Raise Your Writing Bar. Then Belly Up.

Check out my guest post today on www.WriteToDone.com.

And if you’ve come here from there… welcome!

Today’s post is from my new ebook, “101 Slightly Unpredictable Tips for Novelists and Screenwriters.”  Coming soon.  Like, in a week or so.

Tip #28: Raise Your Writing Bar.  Then Belly Up.

Stories can be like love affairs.  In the beginning it’s all so exciting.  Each day brings new bliss.  Another sensual, orgasmic experience.  The future looks so bright.  The object of your desire can do no wrong.

And then reality sets in.  Bliss turns to banality.  Desire turns to dejection.  You begin to doubt.

And nothing kills your love affair – or your story – quicker than doubt.

Maybe you’re settling.  Maybe you’re jumping into story ideas before their time, or making love to concepts that simply aren’t strong enough.  But you stick with it because you’re committed

You will force this thing into existence if it’s the last thing you write.

And it very well could be.

Not all seemingly great ideas make great stories.  Sometimes your first round draft choice turns out to be a bust.  Sometimes you really do need a long courtship before you tie the knot.

More often, though, a good idea tanks because it doesn’t get the development it deserves.  The writer settles.

The more difficult the process you bring to it, the easier it is to settle.  And nothing is more difficult than writing draft after draft in search of your story when you aren’t in command of story architecture in the first place.

Are you in command of the elements of story telling excellence?

Tell yourself that your next project will be your breakout.  That it’ll have the stuff to become a bestseller or a blockbuster spec script sale.  Understand what that will take, and then don’t settle for less than a process that covers all the bases.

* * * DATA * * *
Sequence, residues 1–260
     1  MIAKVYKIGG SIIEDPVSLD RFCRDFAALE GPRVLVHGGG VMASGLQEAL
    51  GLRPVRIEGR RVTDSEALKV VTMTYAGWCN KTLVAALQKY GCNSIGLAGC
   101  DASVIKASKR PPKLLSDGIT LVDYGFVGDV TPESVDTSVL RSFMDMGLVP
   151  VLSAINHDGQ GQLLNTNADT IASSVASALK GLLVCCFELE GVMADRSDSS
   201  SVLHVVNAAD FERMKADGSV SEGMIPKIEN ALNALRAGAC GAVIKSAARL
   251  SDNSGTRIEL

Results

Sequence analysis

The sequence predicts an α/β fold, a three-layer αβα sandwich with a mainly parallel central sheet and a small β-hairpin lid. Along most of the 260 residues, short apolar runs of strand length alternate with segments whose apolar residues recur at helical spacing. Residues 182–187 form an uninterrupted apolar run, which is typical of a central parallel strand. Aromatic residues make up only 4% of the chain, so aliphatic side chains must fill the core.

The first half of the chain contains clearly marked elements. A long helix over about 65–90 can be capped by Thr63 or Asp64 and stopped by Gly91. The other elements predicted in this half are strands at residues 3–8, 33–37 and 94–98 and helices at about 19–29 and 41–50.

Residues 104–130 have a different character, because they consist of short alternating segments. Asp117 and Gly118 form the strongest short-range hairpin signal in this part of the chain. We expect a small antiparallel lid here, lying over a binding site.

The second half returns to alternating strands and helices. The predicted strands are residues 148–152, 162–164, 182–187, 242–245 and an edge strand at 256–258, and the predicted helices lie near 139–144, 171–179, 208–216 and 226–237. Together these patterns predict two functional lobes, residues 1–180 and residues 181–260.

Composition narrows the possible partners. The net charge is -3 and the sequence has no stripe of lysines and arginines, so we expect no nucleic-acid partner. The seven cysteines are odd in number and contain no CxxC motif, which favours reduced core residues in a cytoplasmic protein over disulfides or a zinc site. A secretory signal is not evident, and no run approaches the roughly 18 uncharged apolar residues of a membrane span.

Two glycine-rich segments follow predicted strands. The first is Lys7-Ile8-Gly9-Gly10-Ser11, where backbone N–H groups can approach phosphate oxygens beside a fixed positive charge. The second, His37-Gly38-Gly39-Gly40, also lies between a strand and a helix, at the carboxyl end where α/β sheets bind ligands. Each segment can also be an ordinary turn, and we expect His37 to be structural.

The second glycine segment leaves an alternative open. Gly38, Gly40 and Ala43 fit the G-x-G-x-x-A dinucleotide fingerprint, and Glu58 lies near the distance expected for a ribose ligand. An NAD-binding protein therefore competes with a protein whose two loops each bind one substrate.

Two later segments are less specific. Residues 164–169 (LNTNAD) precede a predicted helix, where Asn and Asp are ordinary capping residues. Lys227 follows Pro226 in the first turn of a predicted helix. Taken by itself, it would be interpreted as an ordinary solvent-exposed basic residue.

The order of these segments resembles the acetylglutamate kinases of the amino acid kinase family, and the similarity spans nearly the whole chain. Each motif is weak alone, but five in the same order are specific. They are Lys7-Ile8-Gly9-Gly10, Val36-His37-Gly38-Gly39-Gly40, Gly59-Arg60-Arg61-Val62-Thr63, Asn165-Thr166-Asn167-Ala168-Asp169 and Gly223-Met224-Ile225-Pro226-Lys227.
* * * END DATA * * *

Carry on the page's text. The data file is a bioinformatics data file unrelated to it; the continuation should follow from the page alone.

And yes Virginia, there is a process.  It’s called story architecture.

The writing blogs are full of commiseration about works-in-progress and a writing process that is totally organic and therefore lengthy and imprecise.  Trust me on this – the only organic process that is time-efficient is one executed by someone who already has complete command of the basics of storytelling structure, content and form.  People like Stephen King or Dennis Lehane or Michael Connelly.  If you own it like they do, then start drafting, you don’t need a plan.  It all flows out of your head like sonnets from Shakespeare.

Those of us with lesser command of the craft are, by definition, using the drafting process to discover the story, which is like trying to learn to fly an airplane without ground school first.  The temptation to settle can be overwhelming, or worse, insidiously transparent.

Good isn’t good enough to get published.  Editors’ desks are piled high with good manuscripts.  You need a story and an execution that sparkles with originality, craft, thematic and emotional resonance and, most of all, commercial appeal.  Even if you consider yourself the most literary of writers.

Literature is just a story that really, really works.

Is your concept wildly original and inherently appealing?  Is your hero worthy of empathy and hope?  Are the varied technical milestones of story pacing and construction all in the right place, rendered with just the right touch?  Does the story evolve, do the characters arc in a way that touches the heart and mind of the reader?  Does the ending strike just the right cord?  Is the writing efficient, sparkling with personality and wit and warmth and unique voice?

Maybe this isn’t as easy as it looks after all.

By raising the bar, I mean refusing to write a story that doesn’t hold the inherent potential to achieve the greatness required to grab that editor by the throat.  Or, one that won’t get the story architecture process it deserves.

Many newer writers set off down the storytelling path on the strength of a sparkling idea, without regard or thought to the myriad criteria and multiple dramatic elements that go into a successful story.  Or, story architecture.

But for the writer who is willing to invest in that process – whether the road is organic or blueprint-driven – the rewards are great.  

Orgasmic, even.

Comments Off on Raise Your Writing Bar. Then Belly Up.

Filed under getting published, Write better (tips and techniques)

Comments are closed.